Sometimes it is hard to know where to begin the journey of recovery from traumatic and other difficult experiences, such as abuse, rejection, death, betrayal, abandonment, disaster, loss, or some other type of disturbance that occurs in our lives. There is, however, one tool that is always available, and for the most part, can be used at any time. This tool is the journal.
Why is journaling so powerful? There are many reasons that journaling can be powerful. One is that we find our voice in our journal. We allow ourselves to speak the truth, our truth. As we tell our stories, we can feel. As we feel, we release our blocked emotions that contribute to dissociation, anxiety, and depression. We become free as we live out our lives by speaking the truth – even speaking it on paper.
Often times when people suffer from traumatic events or hurts in their lives they may become shocked, or numb to the experience. This feeling (or rather, lack of feeling) can become fixated as people get “stuck” in their ability to process through their emotions. One way to get out of the stuck-ness is to take some type of action to break the emotional inertia. Writing can do just that. Writing uses both sides of our brains and helps us to integrate blocked emotions.
Journaling does not have to only involve a narrative, nor does it only have to involve emotional experiences. Another useful approach to journaling is to practice taking time to write our experiences physically – sensations, images, impulses, intuitions, places of heaviness or tenseness, etc. Taking time to write about all of the “felt” experiences of an encounter with someone can help us to get in touch with our “implicit” selves.
Our culture has conditioned us to process life cognitively. This is not bad, it is just not whole. Journaling as a tool for healing can work best when we feel at an implicit level. Becoming aware of not only our thoughts and feelings, but also our intuitions, somatic (physical) responses, and other implicit experiences can help us become fully conscious of what we are experiencing and what we need to heal.
Bonnie Badenoch, the compassionate therapist states, “All our relational circuitry is rooted in the right hemisphere. The left hemisphere reprocesses information but it doesn’t have this core relational circuitry rooted there.” Journaling can help people to “integrate” the two hemispheres of the brain, as well as the emotional parts of the brain with the cognitive processing parts. This is what the term “integration” is all about.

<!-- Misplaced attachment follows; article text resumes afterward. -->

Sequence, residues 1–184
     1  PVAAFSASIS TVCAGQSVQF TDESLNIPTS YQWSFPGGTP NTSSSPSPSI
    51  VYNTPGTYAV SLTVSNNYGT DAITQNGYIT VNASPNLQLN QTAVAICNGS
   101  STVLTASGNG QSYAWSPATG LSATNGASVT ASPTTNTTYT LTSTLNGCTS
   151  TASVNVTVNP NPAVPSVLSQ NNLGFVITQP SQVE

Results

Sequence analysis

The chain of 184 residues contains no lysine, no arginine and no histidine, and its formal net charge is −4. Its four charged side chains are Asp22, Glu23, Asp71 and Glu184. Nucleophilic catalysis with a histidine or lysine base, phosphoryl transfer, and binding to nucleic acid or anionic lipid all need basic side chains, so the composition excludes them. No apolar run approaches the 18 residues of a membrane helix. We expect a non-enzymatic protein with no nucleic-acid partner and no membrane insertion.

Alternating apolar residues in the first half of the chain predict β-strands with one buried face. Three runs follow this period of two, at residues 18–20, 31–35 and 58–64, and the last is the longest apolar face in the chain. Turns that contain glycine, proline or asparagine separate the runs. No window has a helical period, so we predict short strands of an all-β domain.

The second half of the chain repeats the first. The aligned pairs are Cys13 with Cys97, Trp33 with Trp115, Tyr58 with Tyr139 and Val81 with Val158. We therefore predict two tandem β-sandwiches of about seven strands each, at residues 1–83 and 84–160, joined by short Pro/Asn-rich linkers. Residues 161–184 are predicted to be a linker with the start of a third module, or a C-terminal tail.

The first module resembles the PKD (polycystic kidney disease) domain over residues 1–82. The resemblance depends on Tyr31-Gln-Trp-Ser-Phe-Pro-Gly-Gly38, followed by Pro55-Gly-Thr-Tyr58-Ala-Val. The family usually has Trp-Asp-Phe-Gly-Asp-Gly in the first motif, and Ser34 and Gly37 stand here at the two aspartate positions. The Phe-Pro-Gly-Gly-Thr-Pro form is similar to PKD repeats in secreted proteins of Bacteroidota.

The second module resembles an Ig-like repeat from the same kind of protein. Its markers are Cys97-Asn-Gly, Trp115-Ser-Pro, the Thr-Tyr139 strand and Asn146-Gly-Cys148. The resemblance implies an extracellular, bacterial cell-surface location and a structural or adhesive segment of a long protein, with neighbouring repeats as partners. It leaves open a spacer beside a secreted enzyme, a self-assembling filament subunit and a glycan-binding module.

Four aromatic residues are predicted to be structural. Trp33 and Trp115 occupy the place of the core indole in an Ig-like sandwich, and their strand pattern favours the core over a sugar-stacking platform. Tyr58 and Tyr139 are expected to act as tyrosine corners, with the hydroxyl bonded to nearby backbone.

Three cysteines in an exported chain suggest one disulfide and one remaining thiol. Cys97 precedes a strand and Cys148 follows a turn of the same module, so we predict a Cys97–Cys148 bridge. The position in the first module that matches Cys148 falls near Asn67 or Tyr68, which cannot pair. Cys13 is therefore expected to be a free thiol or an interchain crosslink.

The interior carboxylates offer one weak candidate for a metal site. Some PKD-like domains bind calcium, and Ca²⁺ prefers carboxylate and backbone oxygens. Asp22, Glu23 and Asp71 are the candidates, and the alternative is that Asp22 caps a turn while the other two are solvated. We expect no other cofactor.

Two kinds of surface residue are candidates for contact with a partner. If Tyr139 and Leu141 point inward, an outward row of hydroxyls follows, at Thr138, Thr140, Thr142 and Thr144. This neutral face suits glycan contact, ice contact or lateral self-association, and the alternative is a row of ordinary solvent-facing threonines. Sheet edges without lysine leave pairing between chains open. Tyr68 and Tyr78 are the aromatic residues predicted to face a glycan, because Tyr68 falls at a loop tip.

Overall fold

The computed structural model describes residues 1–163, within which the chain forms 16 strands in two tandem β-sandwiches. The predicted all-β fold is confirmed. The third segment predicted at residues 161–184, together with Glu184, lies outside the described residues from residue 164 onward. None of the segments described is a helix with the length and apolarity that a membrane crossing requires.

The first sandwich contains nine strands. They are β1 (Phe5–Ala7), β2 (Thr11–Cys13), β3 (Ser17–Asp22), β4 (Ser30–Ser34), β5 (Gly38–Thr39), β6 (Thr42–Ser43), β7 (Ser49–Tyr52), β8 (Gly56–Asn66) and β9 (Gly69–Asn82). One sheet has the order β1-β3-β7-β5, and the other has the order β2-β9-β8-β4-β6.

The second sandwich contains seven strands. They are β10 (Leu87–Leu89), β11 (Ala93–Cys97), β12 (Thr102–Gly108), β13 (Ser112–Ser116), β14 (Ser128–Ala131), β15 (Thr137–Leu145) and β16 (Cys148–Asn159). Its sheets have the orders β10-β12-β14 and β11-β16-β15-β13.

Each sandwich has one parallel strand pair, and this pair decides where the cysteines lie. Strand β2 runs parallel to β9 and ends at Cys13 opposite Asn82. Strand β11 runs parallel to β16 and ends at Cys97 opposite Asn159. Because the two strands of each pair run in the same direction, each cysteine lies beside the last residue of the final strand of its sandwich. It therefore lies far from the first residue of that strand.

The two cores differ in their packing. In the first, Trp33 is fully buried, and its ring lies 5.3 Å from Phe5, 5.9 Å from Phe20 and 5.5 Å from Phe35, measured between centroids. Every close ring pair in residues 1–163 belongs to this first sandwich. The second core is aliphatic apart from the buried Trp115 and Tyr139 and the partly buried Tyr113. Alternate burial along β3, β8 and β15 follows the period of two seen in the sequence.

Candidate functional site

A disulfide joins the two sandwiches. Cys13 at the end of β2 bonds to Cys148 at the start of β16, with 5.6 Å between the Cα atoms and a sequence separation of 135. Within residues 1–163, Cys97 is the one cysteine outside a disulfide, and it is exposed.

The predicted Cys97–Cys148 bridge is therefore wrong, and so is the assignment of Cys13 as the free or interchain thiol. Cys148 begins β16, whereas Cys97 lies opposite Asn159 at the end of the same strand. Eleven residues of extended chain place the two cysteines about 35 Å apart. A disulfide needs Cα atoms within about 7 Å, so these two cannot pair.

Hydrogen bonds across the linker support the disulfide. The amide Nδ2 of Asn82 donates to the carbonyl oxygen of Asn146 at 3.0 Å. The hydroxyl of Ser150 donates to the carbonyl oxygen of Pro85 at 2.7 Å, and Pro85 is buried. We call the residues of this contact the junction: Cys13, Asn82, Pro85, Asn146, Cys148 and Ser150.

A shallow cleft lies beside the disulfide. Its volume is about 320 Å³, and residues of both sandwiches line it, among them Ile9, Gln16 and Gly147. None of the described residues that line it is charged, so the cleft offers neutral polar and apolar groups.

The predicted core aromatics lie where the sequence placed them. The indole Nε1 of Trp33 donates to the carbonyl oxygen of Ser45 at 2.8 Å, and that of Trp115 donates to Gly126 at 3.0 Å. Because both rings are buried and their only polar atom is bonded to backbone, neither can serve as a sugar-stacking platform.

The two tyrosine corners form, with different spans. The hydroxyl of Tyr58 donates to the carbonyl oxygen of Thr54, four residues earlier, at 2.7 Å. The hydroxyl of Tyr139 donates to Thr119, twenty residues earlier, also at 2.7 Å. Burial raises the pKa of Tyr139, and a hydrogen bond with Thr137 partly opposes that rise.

Here are some practical steps you can take to incorporate journaling into your everyday life. First, begin by having a notebook, journal, or any other type of paper on hand. I also think that art is a great practice to use in journaling, so I would recommend that you not only have a pen or pencil handy, but that you also have some type of art supplies, like colored markers, crayons, or colored pencils.
Next, set aside a time to write each day. If you aren’t intentional about this part of the process, it will rarely, if ever, happen. You can write “in the moment” as well, but, in order to incorporate a habit of journaling, time must be scheduled in to your day. Not only do you need time, but you also need space – alone. Figure out where in your life you have a place to go where you can be alone with your thoughts.
Once the place and time has been established, begin the process. It is simple. Begin by asking yourself three questions and writing your answers:
- What am I most concerned about right now?
- How am I feeling emotionally about this?
- What sensations do I feel in my body?
Use descriptive words, not evaluative or judgmental words when writing. For instance, instead of saying, “I know I shouldn’t be feeling this way,” or “I am bad;” write descriptions, “I feel empty and hopeless and sad,” or “I am so excited!” Don’t judge how you feel, just describe how you feel. Use as many adjectives as you can – dark, bright, lively, happy, etc.
When journaling, you are best served by doing so at a holistic level. Writing and drawing together, and utilizing imagery, are very effective means for processing underlying thoughts and feelings. Once you have established the ability to answer the three above questions on paper, you can incorporate other types of exercises in your journal time.
Using imagery by drawing is a very effective healing tool. Draw your emotions. Ask yourself to draw your anger, your shame, your rage, etc. Draw the different parts of yourself that are at odds, or draw the parts of yourself that are stuck or hurt. Ask your emotions to draw you a picture. Invite your inner child to paint. Be creative.
It’s your journal and it’s your process, do what comes to mind. There will come a point when you will realize you’re finished for the time being and you can put your journal down and go about your day. If you want to go a step further, you can invite someone to be a partner in healing, someone who does their own journaling as well, and you can set up a weekly meeting where you can come together and discuss what you’ve learned throughout the week from your journaling, and if you’re feeling very brave, you can share with each other some of the work you’ve done. After all, healing comes in healthy connections with others.